Public toilets, sinks installed in Kensington to curb Hepatitis A outbreak

PHILADELPHIA (WPVI) -- A first look at the newly installed mobile, public restrooms and sinks along Kensington Avenue in Philadelphia.

Funded by the city and manned by Prevention Point, the facility targets those most vulnerable to Hepatitis A, which is common among drug users and the homeless.

The virus has been a city-wide emergency concentrated in Kensington.

"Hepatitis A spreads through sanitation issues like feces, lack of ability to wash hands, so having public restrooms is just one tool, in a toolbox of many," Kerri Hartnett from Prevention Point.



Joseph Novasak has not had easy access to a restroom until this week.

"It was nice, it's better than going to on the streets, or back alleyway," he said. "You can get arrested or a citation from police by going to the bathroom on the side, so I'd rather do it that way."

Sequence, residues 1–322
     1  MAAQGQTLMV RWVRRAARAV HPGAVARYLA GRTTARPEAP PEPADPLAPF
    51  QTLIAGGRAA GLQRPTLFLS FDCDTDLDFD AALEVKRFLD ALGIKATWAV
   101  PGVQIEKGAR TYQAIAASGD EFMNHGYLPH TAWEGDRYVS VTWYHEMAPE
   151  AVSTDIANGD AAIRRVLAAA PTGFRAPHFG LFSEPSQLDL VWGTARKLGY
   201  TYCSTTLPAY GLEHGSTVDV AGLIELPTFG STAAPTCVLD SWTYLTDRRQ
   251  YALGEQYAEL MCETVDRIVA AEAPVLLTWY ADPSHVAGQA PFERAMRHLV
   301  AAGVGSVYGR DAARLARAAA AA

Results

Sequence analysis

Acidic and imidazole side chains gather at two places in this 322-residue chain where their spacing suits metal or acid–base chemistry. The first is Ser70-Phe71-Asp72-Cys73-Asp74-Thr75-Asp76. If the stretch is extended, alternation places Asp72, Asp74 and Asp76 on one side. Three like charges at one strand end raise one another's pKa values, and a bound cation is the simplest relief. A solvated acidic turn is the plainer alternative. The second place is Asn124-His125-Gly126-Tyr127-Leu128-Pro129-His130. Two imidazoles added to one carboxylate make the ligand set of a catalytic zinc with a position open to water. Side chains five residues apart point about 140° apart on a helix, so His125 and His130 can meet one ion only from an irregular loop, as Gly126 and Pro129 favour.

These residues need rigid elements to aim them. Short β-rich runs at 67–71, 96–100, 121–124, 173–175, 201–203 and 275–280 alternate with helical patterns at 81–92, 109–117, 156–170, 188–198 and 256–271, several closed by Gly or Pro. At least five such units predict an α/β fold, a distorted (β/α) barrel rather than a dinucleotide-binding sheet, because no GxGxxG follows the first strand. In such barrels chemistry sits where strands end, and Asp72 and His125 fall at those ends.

Some residents welcome the steps to improve their blocks.

"It will help by keeping the homeless people's hands clean, and germs," said Rafi Tinley. "And from them going to the bathroom on the street."

Others question the efforts, especially when photos online surfaced of a handwashing station damaged after being installed. The city has now tied it to a light pole as a deterrent.



"They're vandalizing it, and not taking care of it like they should," said Terry who lives in Kensington.

"It's more than just helping people have access to a bathroom. It's pointing them to necessary resources that will help them stay safe," said Harnett. "We're talking to people about how easy it is to get vaccinated and how to prevent it by hand washing and using the public restrooms."
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